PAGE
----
Globe-Gazette from Mason City, Iowa on December 31, 1936 · Page 134
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Globe-Gazette from Mason City, Iowa · Page 134

Mason City, Iowa
Issue Date:
Thursday, December 31, 1936
Page 134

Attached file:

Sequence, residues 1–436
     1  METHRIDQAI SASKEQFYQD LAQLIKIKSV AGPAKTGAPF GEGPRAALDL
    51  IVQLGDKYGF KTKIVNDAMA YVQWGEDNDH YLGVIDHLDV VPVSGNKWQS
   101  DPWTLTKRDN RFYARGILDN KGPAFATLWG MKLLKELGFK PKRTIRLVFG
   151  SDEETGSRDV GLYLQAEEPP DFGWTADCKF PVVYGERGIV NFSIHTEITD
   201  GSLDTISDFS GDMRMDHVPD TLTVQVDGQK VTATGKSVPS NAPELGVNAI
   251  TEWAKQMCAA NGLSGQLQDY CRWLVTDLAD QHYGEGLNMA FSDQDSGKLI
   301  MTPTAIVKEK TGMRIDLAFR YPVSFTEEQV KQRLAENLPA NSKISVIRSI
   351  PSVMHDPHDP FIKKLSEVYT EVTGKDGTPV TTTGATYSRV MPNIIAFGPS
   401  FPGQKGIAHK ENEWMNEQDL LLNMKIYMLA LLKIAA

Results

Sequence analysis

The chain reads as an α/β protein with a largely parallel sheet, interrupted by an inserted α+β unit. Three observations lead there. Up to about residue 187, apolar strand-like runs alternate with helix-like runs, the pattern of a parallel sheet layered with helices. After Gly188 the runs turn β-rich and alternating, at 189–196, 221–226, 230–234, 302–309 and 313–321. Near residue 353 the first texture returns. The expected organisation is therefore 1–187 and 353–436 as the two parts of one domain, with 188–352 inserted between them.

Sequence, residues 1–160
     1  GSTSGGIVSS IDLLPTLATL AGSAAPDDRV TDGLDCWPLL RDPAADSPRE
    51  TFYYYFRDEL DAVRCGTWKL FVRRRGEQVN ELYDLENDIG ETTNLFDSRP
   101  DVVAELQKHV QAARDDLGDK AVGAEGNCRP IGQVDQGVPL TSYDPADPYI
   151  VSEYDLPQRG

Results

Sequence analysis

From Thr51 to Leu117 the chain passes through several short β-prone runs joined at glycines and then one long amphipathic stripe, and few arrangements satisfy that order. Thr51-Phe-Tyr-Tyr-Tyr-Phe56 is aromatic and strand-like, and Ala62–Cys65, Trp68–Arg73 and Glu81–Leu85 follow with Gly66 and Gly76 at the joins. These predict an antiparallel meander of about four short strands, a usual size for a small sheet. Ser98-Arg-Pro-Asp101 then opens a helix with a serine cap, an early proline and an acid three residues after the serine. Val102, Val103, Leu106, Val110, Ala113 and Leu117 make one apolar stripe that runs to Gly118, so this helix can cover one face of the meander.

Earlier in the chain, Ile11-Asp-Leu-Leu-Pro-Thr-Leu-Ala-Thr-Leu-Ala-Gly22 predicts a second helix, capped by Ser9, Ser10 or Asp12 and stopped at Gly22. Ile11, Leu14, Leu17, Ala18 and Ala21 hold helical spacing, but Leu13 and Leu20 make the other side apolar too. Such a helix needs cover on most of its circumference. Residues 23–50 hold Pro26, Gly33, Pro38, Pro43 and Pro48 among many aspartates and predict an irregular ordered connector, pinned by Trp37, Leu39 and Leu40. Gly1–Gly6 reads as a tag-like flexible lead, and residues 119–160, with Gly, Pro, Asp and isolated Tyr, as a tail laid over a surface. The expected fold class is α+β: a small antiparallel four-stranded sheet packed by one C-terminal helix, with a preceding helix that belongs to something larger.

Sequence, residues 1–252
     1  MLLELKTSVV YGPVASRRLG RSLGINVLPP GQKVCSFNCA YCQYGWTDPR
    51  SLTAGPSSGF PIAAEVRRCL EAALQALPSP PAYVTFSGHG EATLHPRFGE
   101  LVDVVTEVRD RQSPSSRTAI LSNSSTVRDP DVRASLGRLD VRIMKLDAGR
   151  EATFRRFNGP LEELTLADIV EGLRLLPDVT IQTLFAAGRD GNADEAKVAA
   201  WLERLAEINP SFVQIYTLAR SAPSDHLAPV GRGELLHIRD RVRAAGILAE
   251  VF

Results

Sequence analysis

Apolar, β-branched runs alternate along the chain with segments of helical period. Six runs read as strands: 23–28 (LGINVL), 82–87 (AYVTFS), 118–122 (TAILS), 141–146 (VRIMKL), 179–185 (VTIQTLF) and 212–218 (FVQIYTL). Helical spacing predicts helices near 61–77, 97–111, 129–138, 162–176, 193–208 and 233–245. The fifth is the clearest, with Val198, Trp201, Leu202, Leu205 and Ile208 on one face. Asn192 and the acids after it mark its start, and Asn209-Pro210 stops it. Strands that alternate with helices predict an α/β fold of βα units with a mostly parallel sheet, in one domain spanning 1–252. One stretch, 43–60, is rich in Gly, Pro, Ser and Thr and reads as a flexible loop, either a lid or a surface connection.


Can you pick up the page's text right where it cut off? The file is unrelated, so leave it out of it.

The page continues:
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2—Sec. D MASON CITY GLOBE-GAZETTE, DECEMBER 31 • 1936 E AZETTE SPORTS GL Owens, Schmeling, Kelley Among Big Names of 1936 JOE LOUIS LOSS TO GERMAN TOP ITEM IN BOXING Champ Makes No Defense of Title; Fans Shocked by Schmelmg Win. RING CHAMPIONS N EW YORK, (UP)—The box- ins champions nt the close of 1936: Heavyweight—James J. Braddock Light heavyweight—John Henry Lewis. Middleweight — Freddie Stecle (U. S. A.) and Marcel Thil (Europe). Welterweight—Barney Ross. Lightweight—Lou Ambers. Featherweight — Petey Sarron (N. B. A.); Henry Armstrong (Cal): Mike Belloise (Nev,- York state). Bantamweight—Si.xto Escobar. Flyweight—Small Montana (U. S. A.) and Benny Lynch (Europe). NEW YORK, (UP)—Increased activity in the heavyweight division featured the prosperous boxing year of 1936, with jolting Joe Louis again providing the high lights. Champion James J. BradaocK made no defense of his title. But this lack of a heavy crown battle was off-set by widely publicized squabbling ever the postponement and attempts to match Braddock and Louis in a no-decision bout. These bickerings resulted in stimulating reading for the fans. Louis was the hub about which th» boxing world rsvolved—the same brown-skinned Detroit' Ne<TO who dynamited pugilism out of the doldrums in 1935 with his amazing ring victories. Peculiarly enough, however, it was Joes stunning defeat last June that provided the grea:est stimulus in 1936. Super-l'dan Joe. When the Brown Bomber was ' matched with Max Schmeling for that historic June bout. Shuffling Joe's victorious march through the heavyweight ranks had elevated him to the status of super-man. But this mantle of invincibility threatened to react disadvar.tage- ously for the Bomber and for boxing. , ,. Fans were beginning to believe that there was no one in the world who could offer him a contest. This belief was reflected in the apathy with which they purchased tickets for the Louis-Schmeling bout, and in the 7 to 1 betting odds favoring the Negro over the German, and in the unexpectedly small crowd of 40,000 which saw them fight on ihe night of June 19. But It Was True! But when former champion Maxie started picking that short right off his chest and nailing the Negro's left cheek—and when he floored Joe in the fourth round and knocked him out in the twelfth, everything was changed. It seemed like a miracle; the sight of mighty Louis sprawled out on the canvas in , Yankee stadium. The fans scarcely could believe their eyes. But it was true. The Black Bubble of Joe's invincibility had been burst. Ke was just another heavyweight—a sucker lor a straight right—a fellow who stunned easily when hammered on the head. Cold, Drought Cause Severe Game Losses During Past Seasons DES MOINES—The past two years have not been favorable to fish and game in the state of Iowa. The drought of 1934 brought about conditions which were very infavorable. The dry weather dried up laies and sloughs and caused low water stages in all of the streams, and this was not favorable to fish life. It also affected the growth of vegetation which provides food and shelter for game and wildlife. The winter of 1935-1936 was the most severe in the history of the state, causing heavy losses in fish, same and other wild life. The drought of 1936 followed this severe winter, and it, also, was very unfavorable to both fish arid Kame. Beilmond High Squad Wins Boyden Tussle EELMOND — Belmond high school's basketball squad beat Boyden 24 to 18, Abrecht and Peterson leading the Broncos with 10 points each, while Groeters scored the same number for Boyden. The Latimer Independents defeated a newly organized Belmond team in a 31 to 0, see-saw contest Mat Results Youth Steals Sports Show for Iowa in Closing Year Bob Feller, Typical Boy* Star, Pitches Way to Big League. 1936 Iowa > Champions \ HIGH SCHOOL rl.B 1C-,; Wmtirlo. £»>t 3 By L. E. SKELLEY DES MOINES, (.^—Youth- ambitious and courageous—stole the 1936 sports headlines in Iowa. Bob Feller. Billy Hall, Sid Rich- avdson and Edith Estabrook, four stout-hearted youngsters, turned in the most brilliant performances of 1936 to take ranking along with Iowa's previous athletic greats. Feller, the unassuming Van Meter farm boy, stepped into a major league pitching role with Cleveland at the tender age of 17. He thrilled Iowa sports fans by establishing a new American league strikeout record for a single game, his whiplash delivery mowing down 17 Philadelphia batters, Sept, 13. Stays in Spotlight. The husky youth remained in the spotlight throughout the fall as baseball commissioner Kenesaw M. Landis investigated' charges that Cleveland violated a major- minor league agreement by signing Feller directly from the sandlots. An anxious baseball world waited three months while Judge Landis pried into the facts of the case. Finally, on Dec. 10, the commissioner ruled Feller the rightful property of the Indians. The decision meant a $100,000 loss to Bob, two major league teams having declared they would offer that much for his services if he were a free agent Feller, however, saw possibilities of getting $20,000 for his 1937 Cleveland contract, and still insists he will not sign unless he receives that amount. Cleveland officials are inclined to regard $20,000 a trifle high for a lad who still is a rookie, and there are prospects that Feller doing a holdout act may be one of the early sports features of 1937. Hall Wins Golf. Billy Hall, another 17 year old youngster, stroked his way to prominence with a brilliant 1-up decision over Merle Stinson of Waterloo, in a gruelling 39-hole final match in the Iowa amateur golf tournament. Creston's Sid Richardson climaxed a successful season by winning the Western Junior golf title at Chicago, the slim 19 year old youth smashing through a tough field in his first and last shot at the junior championship. Little Edith Estabrooks. who underwent an operation for appendicitis at La Jolla. Cal., this month, continued her conquests started in 1935 when she became the youngest women's state champion in Iowa history. Won Junior Meet. Dubuque's 15.year old marvel opened her 1936 tournament accomplishments by conquering the field in the women's junior meet at Detroit in July. Three weeks later she raced through the Iowa women's field, cracking the West Okoboji course record and retaining her title by crushing Jennet Jones of Des Moines, 9 and 8. Behind the pace-setting performances of Iowa's youngsters came a number of outstanding feats that mark 1936 as another progressive year in the state's sports history. The University of Iowa swimming team, coached by Dave Armbruster, won the Big Ten championship for the first time, and Ray Walters, Hawkeye ace, was honored on the All-America tank team. Wins Two Crowns. Harris Coggeshall, the Des Moines veteran, gave his customary brilliant exhibitions to win both the Missouri Valley and Iowa tennis singles championships in a year of capable competition. Coe and Cornell, Iowa's two members of the Midwest conference, won three championships between them. The Kohawks whipped Knox, 6 to 0, Nov. 7 to clinch the football title to add to their outdoor track title, and Cornell swept through unbeaten to take the basketball crown. Drake university enjoyed a good year in Missouri Valley competition. The Bulldogs got a share of the basketball title with Creighton and the Oklahoma Aggies, and their track team, coached by Franklin (Pitch) Johnson, won both the indoor and outdoor | championships, and later added i the state title to the list. j Mohawks Arc Beaten, | High school basketball continued its spurt in public interest and development of a higher standard of play. More than 800 schools entered the boys' state tournaments, and 6.500 persons watched Ames end Mason City's championship reifn with a 26 to 12 victory over the Mohawks for the state final. Centerville's Redettes a cleverly drilled team which at times approximated boys' skill, retained their girls' state title, winning from Cumberland, 37 to 24, before 4,000, a record crowd for girls' basketball in Iowa. Dale Brand of Fort Dodge, Cornell college's 123 pound wrestling ace, served as an alternate on the United States Olympic team. Oze Walks Out. The biggest football story of the year was Oze Simmons' eight-hour walkout from the Iowa squad af- By THE ASSOCIATED PRESS FOOTBALL Coe—Midwest conference. BASKETBALL Drake—Missouri Valley (tied Creighton and Oklahoma Ac- gies). Central—Iowa conference. Cornell—Midwest conference. Ames—Boys' high .school. Centerville—Girls' high school. Columbia Academy—Catholic high school. TRACK Drake—Missouri Valley indoor and outdoor. Coe—Midwest conference. Simpson—Iowa conference. Clinton—High school indoor. East Des Moincs—High school outdoor. BASEBALL [owa State—Big Six (tied Oklahoma). Davenport—Western league. North Des Moines—High school. Stanton—Iowa amateur. Bancroft—American Legion. GOLF Billy Hall—Men's amateur. Sid Richardson—Western junior. Clarence Yockey—Iowa open. Edith Estabrooks—State women's and women's western junior. TENNIS Harris Coggeshall—Men's singles. Betty Butler—Women's singles. BOWLING Granada Cafe, Davenport—State team. Bartley, Davenport—State singles. Lyttle - Simmons, Des Moines— State doubles. Al Harzman , Davenport — Al 1 events. TKAPSHOOT Dr. John Patterson, Des Moincs— 16 yards. HANDBALL Ralph .Harley, Des Moines. and Allan Herrick, Des Moincs — State doubles. Leo Golden, Des Moincs—State singles. SWIMMING Iowa—Big Ten. ter a tiff with Coach Ossie Solem, further aggravating an unpleasant situation at Iowa City where Solem became the storm center of alumni criticism for a losing team. All ended well, however, when Oze returned to the squad and closed his career with a spectacular performance in Iowa's 25 to 0 victory over Temple. George Vecnker's resignation as head coach at Iowa State to devote full time to the athletic directorship was the most surprising of the several changes in coaching staffs over the state. And so went the sports panorama of 1936, not the greatest in Iowa history, yet always interesting and forecasting an exciting 1937. HELEN RUNS TO PLACE AS STAR Missouri Girl Voted Best of Athletes During Seasons Past. NEW YORK, (ff>)— For her track and field achievements, including a national championship as well as Olympic conquests. Helen Stephens, 20 year old Fulton, Mo., girl, has been selected as the outstanding feminine athlete of 1936. Results in the sixth annual Associated Press sports poll, tabulated today, disclosed Miss Stephens the choice of the nation's experts over two main rivals, Alice Marble -of San Francisco, New American tennis queen, and Pamela Barton, English girl who captured both American and British golf championships. The long-striding Missouri girl, although picked No. 1 by only 20 among 62 observers, tallied a winning total of 97 points. Miss Marble and Miss Barton, each with 12 first places, totaled 78 and 56 points, respectively (or a 3*2-1 basis.) Miss Stephens, like Babe Dld- rikson in 1932, topped the poll i mainly because of her record- breaking Olympic victories. Hcicn proved herself the world's fastest! feminine runner by capturing the | 100 meter dash at Berlin, dethron- | ing Poland's Stella Walsh and low- j ering the record to 11.4 seconds.' She also anchored the American women's 400 meter relay team which won the Olympic final after the Germans, while leading, droj>- ped the baton. Before going abroad for the first time, Miss Stephens won three National A. A. U. championships, the 100 meter dash, discus throw and shotput. She holds numerous indoor as well as outdoor records. KELLEY SOCCER KICK ODDEST OF ODD GRID ITEMS In Fact, It Was Freakiest Play of Year in Any Line of Sports. NEW YORK, (£>)—The otherwise decorous precinct of the eastern "Ivy league" seem to have developed the knack of producing the year's most freakish episode in competitive sport. Last year the "twelfth man" who leaped out of the stands and lined up with the Dartmouth team making a goal-line stand against the Tigers was voted the oddest happening. For 1936 Capt. Larry Kelley, Yale's All America end and the year's most valuable gridiron performer, achieves added distinction for his famous "soccer kick" against the Navy at Baltimore. No. 1 Freak Play. It ranks as the No. 1 freak play of the year, in any sport, in the opinion of 59 out of 76 sports editors contributing their views to the sixth annual Associated Press sports poll. No other incident or development received anything but incidental mention. Here's how it happened: With Navy leading, 7 to 6, in the third period, Yale punted from deep in its own territory. Sneed Schmidt, later a hero of the Army game, but the "goat" of this one, received the kick on his own 25 as Kelley, among other Elis, bore down on him. Schmidt fumbled and dropped the ball. Kelley's foot connected instantly and drove it sharply toward the Navy goal. Kelley then won the race for the loose pigskin and fell on it , on Navy's 3. Clint Frank bucked across for the touchdown that enabled Yale to win, 13 to 7. Fair or Foul? Football rules specify it is a foul if a loose ball is kicked "intentionally." Such is Kelley's reputation as an opportunist that the Eli ace was credited by some critics with pulling a "smart one." He denied, however, that it was anything but an accidental kick and the officials so decided, on the spot. Oddest happenings otherwise, during the football season, included Fordham's 7 to 0 victory over Southern Methodist despite the Mustangs' advantage of 14 to 1 on first downs; Southern California's 13-13 tie with Notre Dame, which had'an 18 to 1 margin in first downs; and the absence of penalties in the Pennsylvania-Cornell game. Three on One. Three errors on one play, thereby enabling Cleveland to score, twice against the Chicago White Sox, contributed a baseball oddity. Here's what happened: Vosmik hit to Hayes, Sox infielder who let the ball roll through him to the outfield. Rosenthal, in center, picked up the ball and over-threw third base allowing Hale to score. Appling, backing up third, then overthrew to the plate, permitting Vos- mik to score. Other diamond freaks: Augie Galan's homer for Nationals in All-Star game at Boston, the ball caroming off the foul-line marker into the stands; and successful appeal of Manager Charley Grimm of the Cubs to have Dizzy Dean kept in game which he won from Chicago after brawl with Tex Carleton. Topsy-Turvy Football Season Leaves Everyone With Defeat Even the Experts Who Tried to Pick Winners Take Licking During Autumn of Upset Tiits. Clarion Wins in Mat Test With East High CLARION— The Clarion Cowboy grapplers triumphed decisively over the East Waterloo mat- men by a score of 37 to 3 in a dual match'held here Wednesday night The Cowboys lost only one match, and that by a decision. THE SUMMARY 83— D. McOllouih (C) threw Kutller (E) 1.") seconds. M— Bel! (C) threw Lynn (E) 1:00. . .. IDS — Klrstcln iC) decision over Kressley (E) 1:38. 115— S. McOIlomh (C) threw Balhorn (E) 2:15. 123 — Linrtholm (E) decision over BlacK- msn fC) 5:<m, 135 — lUorford (C) decision over Grif- rith IE) :):«. M.5 — Armour (C) decision over Bcls- camncr (E) ;i:l.". It", — Sharp (C) decision over Smith (L) "l'<Vr>— Campbell 1C) threw Young <E1 1:MI. lleavy«TirhL— Evans 'C') threw Hilf- J|]|.- (E) J:-I1. TALLY-HO In early November, Kossuth county placed a bounty on fox. During that month 24 foxes were turned in at the court house and the bounties paid. In the first 14 days in December, 69 foxes were presented for bounty making a total of 93 foxes killed in one county in a period of live weeks. Iowa State Only One to Beat Utah Cagers AMES, PP)— - Iowa State Thursday ranked as the only Iowa winner over the University of Utah basketball team]. The Cyclones defeated the Utes 40 to 27 Wednesday as Coach Vedal Peterson withheld most of his regulars from the game. Bob Blahnik, Cyclone forward, scored 19 points, including seven long field baskets. FISH ARRESTS MADE Bill McKiboney, '18 year old Adcl high school student, achieved the distinction of being the first person arrested this winter for unlawfully spearing game fish in the Raccoon river. By GEORGE KIRKSEY United Press Staff Correspondent NEW YORK, (UP)—The history of the 1936 football season is a to'psy-turvy tale of amazing victories and shocking defeats, of blazing comebacks and bitter failures. It was an utterly unpredictable year on the gridiron and at the end not a single major team was left unbeaten and untied. From early October until mid December, the gridiron great toppled in an endless succession of upsets. Texas started the upheaval by tieing Louisiana State on Oct. 3 in Austin, 6-6. By late November only one team was left unbeaten and untied, little Santa Clara on the Pacific coast. And in mid-December Santa Clara's temple of triumph collapsed before Texas Christian, 9-0, wiping clean the entire slate of major teams with perfect records. In between many other gridiron powers bowed to inspired teams. Mighty Pitt Fell. Before the end of November the football fans were frantic. There was no way of feeling the pulse of a team from Saturday to Saturday. One week a team would be up, and the next down. Pittsburgh scuttled the highly-touted Ohio State team, 6-0, and the critics began beating the drums for Pitt as the top contender for the national title. Then Duquesne smashed Pitt the next Saturday, 7-0. Duquesne then mounted the throne, but six days later the Dukes succumbed to tiny West Virginia Wesleyan, 2-0. Then Pitt wrecked Notre Dame, 26-0. Mighty Minnesota, unbeaten in three years and with a winning streak of 21 straight games,, crashed in the mud and rain at Evanston Oct. 31 before an inspired Northwestern team, 6-0. The Gophers had previously beaten Washington, which went*, on to win the Pacific coast title. Northwestern kept up the pace. won the Big Ten title and came down to its final game against Notre Dame with the national title in its grasp. The Irish, licked by Pitt and Navy, reached their peak in late November and smashed the Wildcats, 26-6. Alabama and L. S. U. Tied. In the south. Louisiana State, after its tie with Texas, came through the remainder of a tough schedule without a blemish, and Alabama, after an early tie with Tennessee, won the rest of its games. Those two, L. S. U. and Alabama, were the only major teams to complete their regular schedules without a loss and both were tied. Opinions varied over the strongest team in the land. Some favored Minnesota, despite its de- GRID CHAMPIONS NEW YORK, (UP)—Football champions of 1936 follow: "Big" Champions. East—Pittsburgh.* East—Pittsburgh. Ivy league—Dartmouth. Big Three—Yale. Little Three—(Triple tie)— Williams, Wesleyan and Amherst. Big Ten—Northwestern. Big Six—Nebraska. ' Southeastern — Louisiana State. Southern—Duke; Southwest—Arkansas. Rocky Mountain — Utah State. Pacific Coast—Washington. '''Winners of the August V. Lambert trophy, emblematic of Eastern title. "Little Champions." Missouri Valley—Tulsa. Border conference—Arizona. Big Four—Western Reserve. Buckeye—Ohio U. and Miami. Dixie—Howard. Eastern Collegiate — Franklin Marshall. Florida—Miami. North Central—North Dakota. Maine conference—Bowdoin. S. I. A. A.—Tennessee State Teachers. Texas conference — Daniel Baker. Far Western—College of Pacific. South Carolina — San Diego State. Pacific Northwest — Willamette. Green Mountain — Middlebury. Professional Champions. Green Bay Packers. feat by Northwestern, as national champions. Others ranked Louisiana State, southeastern champions with only the Texas tie to mar its record, as the nation's top team. The year's largest crowd 1 ,' 101,000, jammed into Philadelphia's Municipal Bowl to see the Army- Navy game, won by the Middies, 6-0. Navy's touchdown march in the final period was aided by two pass interference plays called on the Cadets. Notre Dame drew 500.000 persons in nine games, the highest total attracted by any one team. The Louisiana State-Tulane game at Baton Rouge attracted a crowd of 50,000, a new record for the south. Pass Rulings Debated. Pass interference prompted most of the hue and cry from the fans. Several big games hinged on pass interference decisions. Two other controversial plays in important games were Ed Widseth's foul in the Minnesota-Northwestern game and Larry Kelley's "lack" of a free ball in the Navy- Yale game. Widseth, Minnesota's all-America tackle, was charged with hitting a Northwestern player, and the Gophers penalized to the 1-yard line, from where they were scored on. Kelley's "lock" of a loose ball enabled Yale to triumph over Navy, 12-7. One of the most thrilling games ;,\'3S Yale's 26 to 23 triumph ovc;- Princeton, in which Old Eli camt' surging back to victory after trailing 16-0 in the second period. Another great comeback was staged by Baylor, which scored three touchdown in the final period ,to beat Texas, 21-18, after trailing 18-0, going into the final period. One of the finest team comebacks was by Georgia, which lost four games in a row, and then finished with a rush, winning three games and tieing Fordham, which was all set for a trip to the Rose Bowl. After being tied by Georgia, Fordham then reached rock bottom the next Saturday by losing to New York U., 7-6. West Union Wins 6th Cage Scrap of Year WEST UNION — West Union high school's basketball team won from Randalia 39 to 16 ' for its sixth consecutive victory. SEPIA STREAK LEADS VOTING World Champion Runner Is Best Athlete of Year, Experts Decide. NEW YORK, (/?)— To his collection of four Olympic gold medals, as many oak trees, and the profits of his big broad jump from ama- teaur to professional ranks, Jesse Owens can add the accolade of recognition as the outstanding male athlete of 1936. The sepia streak from Ohio State, crowned world champion sprinter and broad jumper in the Olympic games at Berlin, ran off with the ballots in the sixth annual poll conducted by the Associated Press to determine this year's leading performer among the men, amateur or pro, in any sport. Owens is the second Negro in succession to achieve this athletic distinction. Last year Joe Louis, the brown bomber of the ring, was voted the outstanding performer of them all. Fifty-one of the 65 experts contributing to the 1936 poll put Owens at the top of the list. With a total of 170 points in the final tabulation, Jesse nearly trebled the count of his nearest rival, Carl Hubbell, southpaw ace of the New York Giants and hero of the year's longest winning streak. Hubbell. voted the outstanding athlete of 1933, posted 61 points (on a 3-3-1 basis.) Third place, by the slim margin of a single point, went to Yale's football captain and All- America end, Lawrence Morgaji Kelley. He nosed out Max Schmel-, ing, the German heavyweight who sprang the year's fistic sensation by knocking out Joe Louis. The point totals were 33 and 32, although Schmeling received five ballots for first place, Kelley none. First place nominations, otherwise, included three for Hubbell, two each for Colorado's Glen Morris and Georgia's Forrest (Spec) Towns, a pair of Olympic champions; one each for Lou Gehrig. baseball's iron man, and Dutch Clark, former Colorado college All-American quarterback and pro star since then with the Detroit Lions. Schmeling's Win on Top as Comeback in Sport Experts' Vote NEW YORK, W—The laurel wreath for the year's greatest come-back in any sphere of sport adorns the black thatch of German's indomitable heavyweight fighter, 31 year old Max Adolph Siegfried Schmeling. The country's experts, who were just about 100 per cent wrong in their predictions to what would" happen on the night Schmeling scored a sensational, 12 round knockout over Joe Louis, accorded the German a landslide vote in an Associated Press poll. WINTER TOGS FOR OUTDOOR Men and Boys BUY WISELY Compare the comfort, wear and appearance—as • well as price GET VALUE THE TIME SPENT IN COMPARING GILDNER CLOTHING WILL PA* BIG DIVIDENDS OSHKOSH B'GOSH THE GREATEST OF INDUSTRIAL OVERALLS $159 Full cut $1.19 TALL CORN Fine tou g h charabray. 36 inches long. Extra value »4* I Fine, smooth mole finish. Good weight. Stripe $1.65 It if I C „ Origina; NELSON heavy Rockford Sox two Sound«« ft . , V«Ol tOn Medium heavy mechanic's "\R^> sox. Black, grey, brown, 3 pair .. J•**• U . c :*_ Cooper-made northern gar- IllOn JUITS ment. 17 Ib. Medium heavy ALL l — ^Lsttr Bhje - Cossack zipper style. WOOL JOCKClS All-wool, leather trimmed .. «i» I C L • „*,-. Wool mixed flannel shirts. WOOl «>nIriS Full cut QC »*J $1.69 Leather. Zipper front. Leather collar and cuffs. Good length MEN'S DRESS New patterns and styles ... $1.00 SUEDE CJ«* I*. Heay y suede cloth CLOTH J Tl I ITS shirts._ Tan 98c OSHKOSH I--!,-*.- Oshkosh. LINED J a VlvC IS Enough said $2.69 Lined Jackets $1.89 CORDUROY SHEEP Corduroy shell, sheepskin lining $8.85 Kromer Blizzard Caps $1.19 Boot Sox Lo g heavy sox White, gray 35c Summit cotton ribbed 98c Blizzard Caps Heavy wooL Dark colors 79c Cotton Gloves lOc Wool Sox Heavy W001 mixed heathers 25c $1.20 BOYS' WOOL \Varm all wool zipper garments $2.95 Boys 1 Cossocks Ss aU W001 $3.95 SHEEP corduroy coats Knickers $1.95 Boys' wool mixed Longies. 12 to 18 .. $2.95 BOYS' CL; r fc Fast color DRESS .>m ITS Broadcloths, made by Model 89c CLEARANCE SUITS-OVERCOATS $21.85 $26.85 $31*5 • Get Yours Tcdoy • Get to Know